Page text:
Salerno and Paestum: A trip around Campania and the Amalfi Coast

The Italian Region of Campania has plenty to offer. Scenic coastal views, great food, exquisite wine, historical and cultural heritage and most of all a warm attitude. What I mean by the attitude is that the people of this region exchange a lot of lip kisses with other family members and close friends. Similar to what we have seen in famous mafia movies and a testament to the central role of the community and the values that rule the daily lives of locals. All of this and much more made it a simple choice when it came to picking our holiday destination-a trip to Campania and the Amalfi Coast.


We started our adventure by landing in Naples and shortly after headed to the picturesque town of Salerno. Salerno was our first stop on our trip and we were warmly welcomed by our hosts and I felt at home. For our stay we choose an apartment located on the top of a building where we could enjoy some great views over the city and the area nearby.


Our apartment was located in the historical part of the city, connected by small charming stone streets hosting numerous small cafes, boutiques and restaurants. Closer to the beachline is the post-war area of the city where you can see newer buildings, but all architectures blends in perfectly maintaining tradition and style.


We chose Salerno as our first stop as it is also located in close proximity to the historical village of Paestum. The train journey takes around 30 minutes and the return ticket price is around 5 euros if I remember correctly. Finding a seat on the train was a challenge, but not as challenging as boarding the train on the way back from Paestum. My friendly advice will be to choose your travel times carefully and depending on your circumstances. For instance, we had deposited our luggage at the station of Salerno and the latest we could collect it back was 19.30, meaning that if we had missed the train back we would miss the luggage collection time and that was going to cause us some difficulties. Enough housekeeping, going back to the historical ancient Greek village.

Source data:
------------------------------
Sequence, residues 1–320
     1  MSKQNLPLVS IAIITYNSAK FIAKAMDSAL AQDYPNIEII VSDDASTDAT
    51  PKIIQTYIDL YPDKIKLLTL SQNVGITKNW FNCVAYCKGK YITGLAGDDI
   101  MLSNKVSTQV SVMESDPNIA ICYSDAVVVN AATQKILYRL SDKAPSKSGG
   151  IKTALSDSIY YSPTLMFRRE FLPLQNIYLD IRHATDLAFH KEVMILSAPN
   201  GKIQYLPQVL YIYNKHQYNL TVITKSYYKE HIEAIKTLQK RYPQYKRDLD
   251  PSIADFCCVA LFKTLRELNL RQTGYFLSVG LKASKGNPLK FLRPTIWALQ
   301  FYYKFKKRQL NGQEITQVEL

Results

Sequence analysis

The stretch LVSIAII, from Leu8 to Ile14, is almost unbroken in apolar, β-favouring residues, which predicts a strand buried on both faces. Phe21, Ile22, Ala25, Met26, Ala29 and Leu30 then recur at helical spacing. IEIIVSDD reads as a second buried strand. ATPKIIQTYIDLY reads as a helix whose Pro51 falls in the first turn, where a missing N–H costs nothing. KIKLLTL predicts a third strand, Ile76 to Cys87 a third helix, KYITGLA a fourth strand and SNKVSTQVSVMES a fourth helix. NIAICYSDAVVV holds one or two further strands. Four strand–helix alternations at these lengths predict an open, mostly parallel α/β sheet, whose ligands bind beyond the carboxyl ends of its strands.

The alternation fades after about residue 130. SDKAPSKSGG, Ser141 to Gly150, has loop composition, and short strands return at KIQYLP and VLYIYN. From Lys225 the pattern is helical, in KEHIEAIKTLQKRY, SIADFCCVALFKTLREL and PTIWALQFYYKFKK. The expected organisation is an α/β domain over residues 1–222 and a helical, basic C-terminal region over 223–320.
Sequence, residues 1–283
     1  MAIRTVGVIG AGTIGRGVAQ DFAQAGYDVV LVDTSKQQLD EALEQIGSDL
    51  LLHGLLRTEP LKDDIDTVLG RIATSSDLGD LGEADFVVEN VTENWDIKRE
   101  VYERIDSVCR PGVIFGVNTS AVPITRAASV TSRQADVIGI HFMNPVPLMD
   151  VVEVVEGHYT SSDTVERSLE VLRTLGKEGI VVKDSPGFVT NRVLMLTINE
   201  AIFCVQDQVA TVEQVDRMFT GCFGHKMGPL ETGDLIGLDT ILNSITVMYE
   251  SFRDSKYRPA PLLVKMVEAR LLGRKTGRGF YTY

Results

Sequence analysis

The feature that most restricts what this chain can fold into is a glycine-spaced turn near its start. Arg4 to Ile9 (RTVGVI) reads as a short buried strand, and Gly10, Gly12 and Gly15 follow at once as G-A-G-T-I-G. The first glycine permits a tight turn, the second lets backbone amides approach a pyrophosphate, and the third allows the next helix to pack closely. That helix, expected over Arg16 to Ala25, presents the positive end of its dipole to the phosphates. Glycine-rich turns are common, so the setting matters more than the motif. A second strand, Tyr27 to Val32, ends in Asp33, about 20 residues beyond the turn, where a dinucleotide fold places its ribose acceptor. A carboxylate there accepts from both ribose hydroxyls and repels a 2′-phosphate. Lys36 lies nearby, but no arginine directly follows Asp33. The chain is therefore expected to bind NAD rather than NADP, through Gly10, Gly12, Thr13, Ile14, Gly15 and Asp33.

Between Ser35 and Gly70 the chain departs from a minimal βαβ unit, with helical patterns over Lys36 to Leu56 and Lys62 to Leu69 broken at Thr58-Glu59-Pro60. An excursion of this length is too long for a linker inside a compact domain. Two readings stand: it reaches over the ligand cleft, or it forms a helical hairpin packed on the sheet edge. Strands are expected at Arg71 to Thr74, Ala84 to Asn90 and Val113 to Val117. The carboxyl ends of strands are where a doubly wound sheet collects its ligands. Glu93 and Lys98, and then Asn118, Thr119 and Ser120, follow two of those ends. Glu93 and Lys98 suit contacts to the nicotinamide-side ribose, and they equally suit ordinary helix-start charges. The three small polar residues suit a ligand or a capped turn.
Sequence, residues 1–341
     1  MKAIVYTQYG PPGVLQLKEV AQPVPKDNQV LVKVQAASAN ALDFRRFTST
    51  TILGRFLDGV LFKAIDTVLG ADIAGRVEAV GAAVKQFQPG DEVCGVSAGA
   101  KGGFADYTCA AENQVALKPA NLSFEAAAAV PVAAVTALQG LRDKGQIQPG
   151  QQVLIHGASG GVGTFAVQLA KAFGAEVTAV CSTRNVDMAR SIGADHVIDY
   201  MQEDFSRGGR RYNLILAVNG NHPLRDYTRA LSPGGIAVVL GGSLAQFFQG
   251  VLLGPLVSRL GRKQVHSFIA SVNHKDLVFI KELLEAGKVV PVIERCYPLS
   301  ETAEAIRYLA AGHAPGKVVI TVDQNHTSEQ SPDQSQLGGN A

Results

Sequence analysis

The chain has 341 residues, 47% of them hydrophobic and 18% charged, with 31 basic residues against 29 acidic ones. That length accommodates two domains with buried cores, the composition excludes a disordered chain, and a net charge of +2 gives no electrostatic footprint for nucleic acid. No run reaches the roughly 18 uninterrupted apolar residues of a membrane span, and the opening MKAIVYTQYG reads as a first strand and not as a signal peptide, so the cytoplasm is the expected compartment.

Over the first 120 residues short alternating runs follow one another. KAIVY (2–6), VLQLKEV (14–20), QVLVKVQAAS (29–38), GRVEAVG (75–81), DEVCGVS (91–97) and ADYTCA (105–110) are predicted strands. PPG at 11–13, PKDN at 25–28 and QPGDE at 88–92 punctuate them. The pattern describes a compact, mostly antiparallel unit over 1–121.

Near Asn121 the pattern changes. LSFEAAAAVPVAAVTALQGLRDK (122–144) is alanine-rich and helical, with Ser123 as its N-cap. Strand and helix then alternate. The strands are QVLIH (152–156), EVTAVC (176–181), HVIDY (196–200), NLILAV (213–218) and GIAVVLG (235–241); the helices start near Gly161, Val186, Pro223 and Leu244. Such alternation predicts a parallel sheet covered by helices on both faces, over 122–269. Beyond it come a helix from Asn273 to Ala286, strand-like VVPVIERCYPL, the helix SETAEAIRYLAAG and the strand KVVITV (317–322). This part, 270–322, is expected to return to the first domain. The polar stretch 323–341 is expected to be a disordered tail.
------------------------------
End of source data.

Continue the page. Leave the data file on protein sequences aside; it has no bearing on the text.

Paestum or “Poseidonia” was founded in about 600 B.C. and was an important part of the Magna Greacia region. The city thrived until the 6th century AD before being abandoned as the climate changed and presented perfect environmental conditions for malaria to develop. Those who have played “Rome Total War” might have even attempted to conquer the region.

The jewels in the crown of Paestum are the three ancient Greek Temples and an amphitheatre, which are well preserved and walking around and exploring the area will certainly take you back in time. Two of the temples are dedicated to Hera- the wife of Zeus and Queen of the Greek Gods. The third one is dedicated to Athena- Goddess of wisdom, craft and war, the most resourceful of all Olympian Gods and favourite daughter of Zeus.



Paestum is also famous for its painted tombs. One of the most famous artefacts is the Tomb of the Diver dated about 470 BC. It is named after the enigmatic scene, depicted on the inside of the slab and portraying a young man diving into a stream of water. One possible meaning is related to the transition to the afterlife.

Tomb of the Diver

When visiting Paestum, allow a minimum of 3 hours if you wish to explore the area unhurriedly and travel back in time, this will also allow you to visit the museum and explore the exhibition, which is also worth it. The price of the ticket for the remnants of Paestum and the museum was around 15 euros.

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